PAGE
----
For those able to fill gaps between 2006 and 2016 (men born after 5 April 1951 and women born after 5 April 1953), the cost for a week is £15.40.

Who can pay voluntary National Insurance contributions?

A wide range of people can pay voluntary National Insurance contributions. Those in employment (Class 3) and the self-employed (usually Class 2) can plug gaps.

Those who’ve reached state pension age and want to fill in gaps in their National Insurance record are able to via Class 3 contributions.

Citizens living abroad and working (Class 2) or not working (Class 3) can still add contribution years.

Should I do it?

Voluntary contributions won’t always increase your state pension, so you’ll need to find out if you’ll benefit from plugging the gaps.

It may be a good idea if:

  • you’re close to state pension age and don’t have enough qualifying years to get the full state pension
  • you know you won’t be able to get the qualifying years you need to get the full state pension during your working life
  • you’re self-employed and don’t have to pay Class 2 contributions because you have low profits or live outside the UK, but you want to qualify for some benefits.

State pension top-up FAQ

What are Class 2 and Class 4 voluntary NI contributions?

You make Class 2 National Insurance contributions if you’re self-employed to qualify for benefits like the state pension. This becomes payable once your profits exceed £6,725 a year.

In the 2022-23 tax year, the rate of Class 2 contributions is £3.15 a week. You can cover these gaps, too.

You’ll also have to pay Class 4 NI contributions if your profits are £9,880 or more. The rate is 10.25% on profits between £9,880 and £50,270, and 3.25% on profits over £50,270.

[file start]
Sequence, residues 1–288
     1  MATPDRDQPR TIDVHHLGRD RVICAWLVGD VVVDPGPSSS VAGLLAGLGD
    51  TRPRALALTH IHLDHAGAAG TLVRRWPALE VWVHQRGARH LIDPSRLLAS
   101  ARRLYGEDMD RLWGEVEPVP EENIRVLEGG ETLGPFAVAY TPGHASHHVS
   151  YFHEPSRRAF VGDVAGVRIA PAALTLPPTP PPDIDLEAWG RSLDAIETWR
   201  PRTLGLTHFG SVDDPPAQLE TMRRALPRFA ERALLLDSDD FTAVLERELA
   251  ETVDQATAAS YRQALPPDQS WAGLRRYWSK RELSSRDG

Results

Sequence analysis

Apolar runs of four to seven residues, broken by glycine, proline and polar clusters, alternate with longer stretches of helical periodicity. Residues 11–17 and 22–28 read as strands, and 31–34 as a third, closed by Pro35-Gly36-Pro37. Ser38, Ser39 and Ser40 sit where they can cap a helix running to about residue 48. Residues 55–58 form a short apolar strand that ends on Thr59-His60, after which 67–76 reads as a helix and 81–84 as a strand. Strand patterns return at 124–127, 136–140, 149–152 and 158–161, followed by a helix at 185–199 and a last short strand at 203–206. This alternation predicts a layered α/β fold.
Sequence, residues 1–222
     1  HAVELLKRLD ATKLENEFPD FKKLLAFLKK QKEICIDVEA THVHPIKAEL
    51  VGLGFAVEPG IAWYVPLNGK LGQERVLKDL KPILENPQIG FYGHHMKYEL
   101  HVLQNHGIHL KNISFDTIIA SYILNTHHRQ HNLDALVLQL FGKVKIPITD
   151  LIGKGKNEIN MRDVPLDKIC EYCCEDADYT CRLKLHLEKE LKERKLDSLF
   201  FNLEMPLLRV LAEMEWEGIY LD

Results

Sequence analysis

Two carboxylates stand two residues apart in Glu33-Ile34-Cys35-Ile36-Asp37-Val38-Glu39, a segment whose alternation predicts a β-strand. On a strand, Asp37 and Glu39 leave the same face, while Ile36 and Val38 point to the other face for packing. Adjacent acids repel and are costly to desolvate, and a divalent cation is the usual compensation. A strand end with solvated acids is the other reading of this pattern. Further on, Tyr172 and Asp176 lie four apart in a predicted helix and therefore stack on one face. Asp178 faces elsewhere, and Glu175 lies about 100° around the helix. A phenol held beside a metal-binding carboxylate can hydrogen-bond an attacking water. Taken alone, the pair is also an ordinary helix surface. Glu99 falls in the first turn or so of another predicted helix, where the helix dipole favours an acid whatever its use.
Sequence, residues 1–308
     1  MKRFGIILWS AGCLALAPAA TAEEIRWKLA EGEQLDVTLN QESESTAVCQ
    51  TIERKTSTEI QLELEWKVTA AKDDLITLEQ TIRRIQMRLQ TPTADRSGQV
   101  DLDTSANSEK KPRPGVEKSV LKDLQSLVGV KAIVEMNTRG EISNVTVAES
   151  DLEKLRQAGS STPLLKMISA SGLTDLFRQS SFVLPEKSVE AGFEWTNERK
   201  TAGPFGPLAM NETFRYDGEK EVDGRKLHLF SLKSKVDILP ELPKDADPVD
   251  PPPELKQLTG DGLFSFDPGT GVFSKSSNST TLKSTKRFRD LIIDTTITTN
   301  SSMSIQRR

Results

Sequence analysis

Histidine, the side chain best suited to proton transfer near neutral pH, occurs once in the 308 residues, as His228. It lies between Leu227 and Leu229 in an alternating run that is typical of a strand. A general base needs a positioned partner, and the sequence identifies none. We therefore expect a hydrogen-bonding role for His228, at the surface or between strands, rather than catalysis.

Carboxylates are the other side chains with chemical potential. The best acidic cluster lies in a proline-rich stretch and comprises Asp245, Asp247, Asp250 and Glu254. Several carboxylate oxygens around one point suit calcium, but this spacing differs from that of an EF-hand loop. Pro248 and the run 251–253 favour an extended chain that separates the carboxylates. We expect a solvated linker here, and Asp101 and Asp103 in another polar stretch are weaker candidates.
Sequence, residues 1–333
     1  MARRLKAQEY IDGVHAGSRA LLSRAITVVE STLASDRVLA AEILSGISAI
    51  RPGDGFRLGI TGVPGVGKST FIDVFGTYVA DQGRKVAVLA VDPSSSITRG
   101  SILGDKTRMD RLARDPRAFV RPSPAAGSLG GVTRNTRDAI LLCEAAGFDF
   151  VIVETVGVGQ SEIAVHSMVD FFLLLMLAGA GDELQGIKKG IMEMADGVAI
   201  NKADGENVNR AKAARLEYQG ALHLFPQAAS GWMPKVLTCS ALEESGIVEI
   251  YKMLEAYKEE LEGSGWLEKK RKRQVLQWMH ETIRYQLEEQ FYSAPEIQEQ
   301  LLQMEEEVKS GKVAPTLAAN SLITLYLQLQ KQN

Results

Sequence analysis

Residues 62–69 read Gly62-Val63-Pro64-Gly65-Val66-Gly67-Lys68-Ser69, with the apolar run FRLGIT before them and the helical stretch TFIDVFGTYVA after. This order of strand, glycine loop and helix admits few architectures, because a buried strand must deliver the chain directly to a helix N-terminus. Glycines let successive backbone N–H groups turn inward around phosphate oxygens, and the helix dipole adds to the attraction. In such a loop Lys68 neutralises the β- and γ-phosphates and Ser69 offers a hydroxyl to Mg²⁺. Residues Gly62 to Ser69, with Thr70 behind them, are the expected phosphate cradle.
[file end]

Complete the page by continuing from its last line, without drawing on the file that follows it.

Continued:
Most people pay these contributions as part of their self-assessment tax return.

What if I’ve spent periods abroad?

You may be able to pay voluntary National Insurance contributions if you’re living abroad or fill in gaps from when you were living abroad.

If you’re living and working abroad, you’ll pay Class 2 contributions, but only if you worked in the UK immediately before leaving and you’ve previously lived in the UK for three years in a row and paid three years of contributions.

Those not working can pay Class 3 contributions, but only if at some point you’ve lived in the UK continuously for three years and paid three years of contributions.

Voluntary National Insurance contributions paid from abroad don’t cover your health insurance in the country where you live.

How do I pay voluntary National Insurance contributions?

You can pay voluntary contributions by direct debit, bank transfer, or by cash or cheque at your local bank branch.

All the information you need can be found on the gov.uk website.

What were Class 3A National Insurance contributions?

These were available until 5 April 2017 and allowed people who had reached the state pension age before April 2016 to top up their pension.

The time-limited offer was designed to help those who won’t receive the new single-tier state pension that started in April 2016.

Those aged 65 were able to increase their state pension by £1 per week in exchange for £890.